9. I am interested in skinning hazelnuts the julia Cild method BUT does the BAKING SODA effect the taste of the hazelnutS at all? I would appreciate a comment from someone who has tried this what appears to be a very good method MANY THANKS IN ADVANCE

  10. For my first time peeing hazelnuts, this worked perfectly! A pain in the ass, indeed.
    Also I found that once they were cool, it worked well to just massage the nuts with both hands. That got a big portion of the skins off right away so then I just had to remove bits and pieces from the individual nuts!

  11. *peeling hazelnuts. Not peeing. ;)

  12. joe says:

    The” Julia Child method” is not really hers at all. I saw the television episode that showed another chef teaching her this procedure. She was in (awkward) amazement…

  13. shannon says:

    i just tried the Julia Child method and it worked beautifully. Only took about 15 minutes total to peel about a pound of hazelnuts and did not alter the taste one bit. Kudos to Julia Child.

  14. k says:

    i wonder if you get the most hits for this question too!?!
    thank you so much for blogging it .))))))

  15. Claire says:

    When i was a kid we used to put them in a burlap bag and pounded the bag on a rock, they would come out peeled…

  16. Mary Jordan says:

    WOW!!! I was cranky all day, thinking about skinning hazelnuts…This was amazing! Worked perfectly…Thanks Julia and Judy ( I think)…XXXXOOOO

  17. Annie says:

    Contrarian view: Horrible experience with the boiling method. The skins don’t slip off that easily and it’s a hideous waste of water; the skins cling to your hands and I felt like Swamp Thing during spring molting season. Back to the toasting method!

  18. susie says:

    I’m with Julia!

  19. Barbara says:

    It’s not a waste of water at all if you skin the nuts in a bowl of ice water instead of under a running tap…
    The method is fantastic!Yay for Julia Child!

  20. elizabeth guittar says:

    Julia, my heroine, this is a great way to skin the nuts. Followed instructions exactly and it worked. I have always been a little intimidated by these guys but I love them. Between using a hammer to shell them, and the boiling water method to skin them, a piece of cake.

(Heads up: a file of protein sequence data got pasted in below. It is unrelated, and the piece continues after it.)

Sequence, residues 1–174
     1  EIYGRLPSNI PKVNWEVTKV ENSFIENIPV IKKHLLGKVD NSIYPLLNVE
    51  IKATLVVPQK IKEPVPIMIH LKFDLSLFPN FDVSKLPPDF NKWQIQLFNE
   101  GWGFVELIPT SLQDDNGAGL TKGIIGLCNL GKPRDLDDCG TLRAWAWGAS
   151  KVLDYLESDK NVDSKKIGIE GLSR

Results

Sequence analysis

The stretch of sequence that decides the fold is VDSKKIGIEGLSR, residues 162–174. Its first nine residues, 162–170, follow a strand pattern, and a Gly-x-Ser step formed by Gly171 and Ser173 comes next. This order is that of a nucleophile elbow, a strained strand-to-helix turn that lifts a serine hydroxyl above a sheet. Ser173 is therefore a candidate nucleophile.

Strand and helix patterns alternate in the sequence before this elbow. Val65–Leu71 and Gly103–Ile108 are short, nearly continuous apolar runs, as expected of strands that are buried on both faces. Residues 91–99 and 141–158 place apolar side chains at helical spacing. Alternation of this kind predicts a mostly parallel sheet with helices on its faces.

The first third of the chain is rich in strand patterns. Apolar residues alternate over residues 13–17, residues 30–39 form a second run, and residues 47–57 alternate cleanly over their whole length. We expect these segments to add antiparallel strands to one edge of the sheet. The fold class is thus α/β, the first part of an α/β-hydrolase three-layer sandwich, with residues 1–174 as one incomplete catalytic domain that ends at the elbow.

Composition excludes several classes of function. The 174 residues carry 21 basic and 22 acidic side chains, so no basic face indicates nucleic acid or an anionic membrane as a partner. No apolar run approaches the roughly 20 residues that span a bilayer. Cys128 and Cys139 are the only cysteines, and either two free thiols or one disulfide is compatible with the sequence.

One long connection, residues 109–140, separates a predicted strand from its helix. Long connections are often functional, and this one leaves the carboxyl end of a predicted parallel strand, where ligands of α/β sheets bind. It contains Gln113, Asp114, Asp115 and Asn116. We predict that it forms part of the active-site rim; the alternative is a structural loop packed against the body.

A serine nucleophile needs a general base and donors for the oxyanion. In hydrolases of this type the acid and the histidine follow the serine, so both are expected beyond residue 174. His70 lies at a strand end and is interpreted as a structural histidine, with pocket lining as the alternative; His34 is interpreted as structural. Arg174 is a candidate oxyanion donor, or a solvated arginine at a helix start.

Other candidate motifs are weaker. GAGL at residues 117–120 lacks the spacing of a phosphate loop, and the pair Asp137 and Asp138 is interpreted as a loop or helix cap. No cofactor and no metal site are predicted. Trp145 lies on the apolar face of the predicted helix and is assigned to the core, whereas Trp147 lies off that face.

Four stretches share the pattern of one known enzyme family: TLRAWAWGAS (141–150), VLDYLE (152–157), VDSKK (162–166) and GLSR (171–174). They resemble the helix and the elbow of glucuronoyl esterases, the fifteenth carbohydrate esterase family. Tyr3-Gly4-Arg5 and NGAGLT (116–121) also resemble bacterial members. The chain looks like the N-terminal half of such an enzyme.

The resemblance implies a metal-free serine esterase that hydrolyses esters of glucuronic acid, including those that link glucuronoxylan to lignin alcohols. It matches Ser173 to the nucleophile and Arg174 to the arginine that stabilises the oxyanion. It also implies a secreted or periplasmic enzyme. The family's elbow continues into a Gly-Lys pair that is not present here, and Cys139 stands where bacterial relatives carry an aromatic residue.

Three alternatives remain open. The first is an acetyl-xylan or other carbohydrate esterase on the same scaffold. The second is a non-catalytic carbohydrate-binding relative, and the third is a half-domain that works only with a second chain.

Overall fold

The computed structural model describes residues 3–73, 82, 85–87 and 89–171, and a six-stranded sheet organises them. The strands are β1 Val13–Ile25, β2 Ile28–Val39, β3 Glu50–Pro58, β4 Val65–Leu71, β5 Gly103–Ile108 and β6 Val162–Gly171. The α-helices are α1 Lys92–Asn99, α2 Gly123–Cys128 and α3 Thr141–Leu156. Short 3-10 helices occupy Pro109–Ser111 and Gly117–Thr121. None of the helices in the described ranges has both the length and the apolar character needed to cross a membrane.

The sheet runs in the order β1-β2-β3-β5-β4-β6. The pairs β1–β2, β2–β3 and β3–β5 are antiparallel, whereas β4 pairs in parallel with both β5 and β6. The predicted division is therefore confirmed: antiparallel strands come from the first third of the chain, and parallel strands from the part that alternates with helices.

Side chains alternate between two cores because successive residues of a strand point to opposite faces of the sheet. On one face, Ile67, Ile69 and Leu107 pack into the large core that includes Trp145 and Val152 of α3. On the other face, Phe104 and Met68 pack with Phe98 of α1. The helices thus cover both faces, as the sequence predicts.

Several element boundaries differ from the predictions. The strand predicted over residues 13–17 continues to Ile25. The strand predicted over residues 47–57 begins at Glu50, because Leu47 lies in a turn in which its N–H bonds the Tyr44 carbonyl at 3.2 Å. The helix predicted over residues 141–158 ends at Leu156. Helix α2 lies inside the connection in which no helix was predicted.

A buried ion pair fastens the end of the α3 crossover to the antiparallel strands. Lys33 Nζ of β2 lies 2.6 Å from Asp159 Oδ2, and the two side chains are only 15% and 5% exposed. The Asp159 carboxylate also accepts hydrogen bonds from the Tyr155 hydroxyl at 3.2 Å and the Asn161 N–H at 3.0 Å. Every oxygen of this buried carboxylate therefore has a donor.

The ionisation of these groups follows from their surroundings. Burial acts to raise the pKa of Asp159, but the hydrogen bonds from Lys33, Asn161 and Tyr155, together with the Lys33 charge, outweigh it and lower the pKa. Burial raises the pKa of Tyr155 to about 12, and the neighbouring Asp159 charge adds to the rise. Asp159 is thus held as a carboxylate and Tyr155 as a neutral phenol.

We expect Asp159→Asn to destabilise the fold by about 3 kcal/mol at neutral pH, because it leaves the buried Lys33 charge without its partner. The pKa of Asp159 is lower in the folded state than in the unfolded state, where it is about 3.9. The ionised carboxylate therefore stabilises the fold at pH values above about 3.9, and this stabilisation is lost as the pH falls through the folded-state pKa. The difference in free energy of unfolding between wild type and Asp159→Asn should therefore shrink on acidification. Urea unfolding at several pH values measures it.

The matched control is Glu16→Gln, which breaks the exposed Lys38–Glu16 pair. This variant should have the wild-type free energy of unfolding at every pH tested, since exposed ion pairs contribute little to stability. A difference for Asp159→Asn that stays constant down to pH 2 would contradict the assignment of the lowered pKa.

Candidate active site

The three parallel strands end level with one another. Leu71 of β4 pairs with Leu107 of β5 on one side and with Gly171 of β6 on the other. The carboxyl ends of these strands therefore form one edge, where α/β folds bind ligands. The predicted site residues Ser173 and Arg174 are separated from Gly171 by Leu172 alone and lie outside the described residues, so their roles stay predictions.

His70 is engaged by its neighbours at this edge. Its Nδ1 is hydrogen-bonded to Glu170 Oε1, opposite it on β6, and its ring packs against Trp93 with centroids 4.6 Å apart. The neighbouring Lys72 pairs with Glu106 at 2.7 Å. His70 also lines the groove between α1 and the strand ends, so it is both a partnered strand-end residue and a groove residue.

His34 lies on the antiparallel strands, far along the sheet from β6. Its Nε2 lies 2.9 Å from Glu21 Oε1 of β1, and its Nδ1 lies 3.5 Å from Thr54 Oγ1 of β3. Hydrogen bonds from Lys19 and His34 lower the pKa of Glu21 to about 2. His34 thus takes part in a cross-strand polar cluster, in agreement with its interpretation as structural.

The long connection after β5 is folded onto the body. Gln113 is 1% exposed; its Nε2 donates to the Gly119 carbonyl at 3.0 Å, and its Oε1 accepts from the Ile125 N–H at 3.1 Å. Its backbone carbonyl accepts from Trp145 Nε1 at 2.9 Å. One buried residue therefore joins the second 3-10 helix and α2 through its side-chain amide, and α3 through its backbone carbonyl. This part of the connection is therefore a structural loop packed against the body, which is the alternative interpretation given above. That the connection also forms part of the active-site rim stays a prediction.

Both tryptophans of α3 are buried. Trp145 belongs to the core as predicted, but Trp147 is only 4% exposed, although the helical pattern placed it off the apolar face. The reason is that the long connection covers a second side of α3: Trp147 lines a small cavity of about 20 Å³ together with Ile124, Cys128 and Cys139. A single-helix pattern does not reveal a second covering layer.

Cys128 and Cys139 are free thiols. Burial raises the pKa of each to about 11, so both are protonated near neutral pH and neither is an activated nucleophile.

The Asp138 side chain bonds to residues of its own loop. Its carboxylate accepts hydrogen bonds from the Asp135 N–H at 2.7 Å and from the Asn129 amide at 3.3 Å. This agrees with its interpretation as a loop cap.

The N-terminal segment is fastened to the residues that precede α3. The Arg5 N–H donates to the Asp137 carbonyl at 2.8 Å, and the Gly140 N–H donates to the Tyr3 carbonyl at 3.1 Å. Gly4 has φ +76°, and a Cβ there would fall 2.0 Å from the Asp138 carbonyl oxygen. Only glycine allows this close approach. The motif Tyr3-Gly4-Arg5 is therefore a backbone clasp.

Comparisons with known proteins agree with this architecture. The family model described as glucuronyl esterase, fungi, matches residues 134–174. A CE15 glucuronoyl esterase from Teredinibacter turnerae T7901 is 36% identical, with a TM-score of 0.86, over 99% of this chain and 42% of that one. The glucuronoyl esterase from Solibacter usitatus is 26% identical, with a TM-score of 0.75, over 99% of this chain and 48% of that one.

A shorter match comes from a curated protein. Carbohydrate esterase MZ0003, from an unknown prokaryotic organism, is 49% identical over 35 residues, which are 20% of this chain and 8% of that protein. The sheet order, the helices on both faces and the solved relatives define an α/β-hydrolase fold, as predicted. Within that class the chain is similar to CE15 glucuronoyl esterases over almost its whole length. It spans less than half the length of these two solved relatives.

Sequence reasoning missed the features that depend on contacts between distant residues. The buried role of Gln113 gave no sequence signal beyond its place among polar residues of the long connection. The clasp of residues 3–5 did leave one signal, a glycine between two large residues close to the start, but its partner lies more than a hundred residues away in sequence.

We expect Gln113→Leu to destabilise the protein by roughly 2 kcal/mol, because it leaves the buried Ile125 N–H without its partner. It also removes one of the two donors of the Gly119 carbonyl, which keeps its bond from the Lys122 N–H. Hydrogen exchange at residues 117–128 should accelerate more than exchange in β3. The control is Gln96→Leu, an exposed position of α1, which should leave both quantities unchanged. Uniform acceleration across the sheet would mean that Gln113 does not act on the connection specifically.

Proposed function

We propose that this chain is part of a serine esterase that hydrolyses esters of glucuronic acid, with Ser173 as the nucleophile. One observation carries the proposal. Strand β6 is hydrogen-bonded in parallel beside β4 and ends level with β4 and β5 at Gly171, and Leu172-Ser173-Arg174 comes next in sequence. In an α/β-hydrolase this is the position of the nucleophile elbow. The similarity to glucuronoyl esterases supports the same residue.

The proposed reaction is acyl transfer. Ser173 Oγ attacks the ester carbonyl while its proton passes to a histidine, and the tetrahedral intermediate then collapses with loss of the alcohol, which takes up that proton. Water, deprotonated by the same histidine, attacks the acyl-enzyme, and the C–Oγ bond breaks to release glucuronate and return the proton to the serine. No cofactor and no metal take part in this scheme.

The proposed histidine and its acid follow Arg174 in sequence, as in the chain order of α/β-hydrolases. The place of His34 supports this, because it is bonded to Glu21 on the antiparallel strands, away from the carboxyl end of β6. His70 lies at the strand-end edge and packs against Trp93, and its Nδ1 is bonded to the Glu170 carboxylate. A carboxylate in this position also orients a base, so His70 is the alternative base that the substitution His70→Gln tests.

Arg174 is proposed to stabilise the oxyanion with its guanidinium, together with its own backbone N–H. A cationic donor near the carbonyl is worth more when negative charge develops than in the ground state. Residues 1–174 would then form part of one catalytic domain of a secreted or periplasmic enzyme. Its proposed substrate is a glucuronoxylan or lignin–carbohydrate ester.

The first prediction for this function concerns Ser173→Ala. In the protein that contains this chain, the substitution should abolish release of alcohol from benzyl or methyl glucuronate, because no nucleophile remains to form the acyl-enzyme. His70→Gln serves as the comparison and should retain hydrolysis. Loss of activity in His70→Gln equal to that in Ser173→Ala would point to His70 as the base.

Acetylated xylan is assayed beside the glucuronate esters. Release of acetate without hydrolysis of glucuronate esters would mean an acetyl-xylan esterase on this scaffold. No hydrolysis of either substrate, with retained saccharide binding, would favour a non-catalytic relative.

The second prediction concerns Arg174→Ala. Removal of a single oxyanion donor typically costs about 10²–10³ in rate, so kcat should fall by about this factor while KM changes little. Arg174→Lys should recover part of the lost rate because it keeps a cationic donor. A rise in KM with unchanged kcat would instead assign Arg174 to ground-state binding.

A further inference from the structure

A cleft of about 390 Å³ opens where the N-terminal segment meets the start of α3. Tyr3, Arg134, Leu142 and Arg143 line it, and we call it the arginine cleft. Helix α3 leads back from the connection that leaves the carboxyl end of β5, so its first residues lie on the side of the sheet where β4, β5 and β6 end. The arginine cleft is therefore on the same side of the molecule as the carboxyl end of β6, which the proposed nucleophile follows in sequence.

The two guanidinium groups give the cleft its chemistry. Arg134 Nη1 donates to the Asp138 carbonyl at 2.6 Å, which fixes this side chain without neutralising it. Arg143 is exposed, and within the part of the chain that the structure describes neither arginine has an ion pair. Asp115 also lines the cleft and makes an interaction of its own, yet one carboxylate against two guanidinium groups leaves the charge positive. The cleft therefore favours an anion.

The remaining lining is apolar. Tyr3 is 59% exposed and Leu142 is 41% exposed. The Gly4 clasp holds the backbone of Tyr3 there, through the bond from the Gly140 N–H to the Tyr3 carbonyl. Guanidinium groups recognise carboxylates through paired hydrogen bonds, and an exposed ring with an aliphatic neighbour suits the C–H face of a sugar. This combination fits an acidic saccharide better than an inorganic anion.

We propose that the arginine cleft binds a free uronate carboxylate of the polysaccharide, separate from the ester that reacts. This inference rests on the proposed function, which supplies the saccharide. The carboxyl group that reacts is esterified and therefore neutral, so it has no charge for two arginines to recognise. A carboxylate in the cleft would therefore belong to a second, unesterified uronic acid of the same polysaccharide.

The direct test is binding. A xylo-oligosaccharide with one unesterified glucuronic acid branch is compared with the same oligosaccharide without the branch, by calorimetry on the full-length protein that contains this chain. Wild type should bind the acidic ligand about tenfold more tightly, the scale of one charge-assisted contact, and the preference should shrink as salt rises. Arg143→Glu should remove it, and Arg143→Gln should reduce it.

21. Jane says:

    Just did the Julia Child thing. It did create a bit of a mess but that was because 100% of the skins were removed, and they’re messy. Much, much better than the awful teatowel method, which never works that well anyway.

  22. janet says:

    love Julia’s formula! – was done in no time- and like above was dreading the process all day- 1/2 hours later – hazelnuts are peeled and toasting in oven now = will turn it off soon and let them sit in the oven for another other or so

  23. [...] Heat the Hazelnuts in the oven for a bit and then peel their skins. (We found this on the internet as a best practice.) [...]

  24. [...] After attempting to toast and peel to no avail, I searched the interwebs and found this tip attributed to one of Julia Child’s cooking shows: Add 3 tablespoons of baking soda to 2 cups [...]

  25. JoAnn Pepper says:

    Variation of the Julia Child method…Bring 1 1/2 C of water to a boil. Carefully add 2T baking soda. It will foam up. Add 1 C hazelnuts. Boil 3 to 5 minutes. Test by running a couple under cold water. The skins should easily slip off when they are ready. Pat dry and roast 350 for 10 to 15 minutes. The nuts are full of flavor—easy and delicious!

  26. [...] out. You can buy pre-toasted hazelnuts but they are better if you toast them on your own. There are two methods for peeling the papery skin from the hazelnuts, either toasting them in the oven and then removing the peels or boiling them in water to remove [...]

  27. Maryanne says:

    Each year I get a small crop of hazelnuts from my tree. I have tried the boiling water & baking soda method which is very effective, but I have never been happy with the outcome. Even with roasting afterwards the nut seems a bit soft and lacks flavour. I’m with the pastry chef on this one. In the oven and cool for half an hour. A little more skin will remain but the nut seems to taste better, at least to me.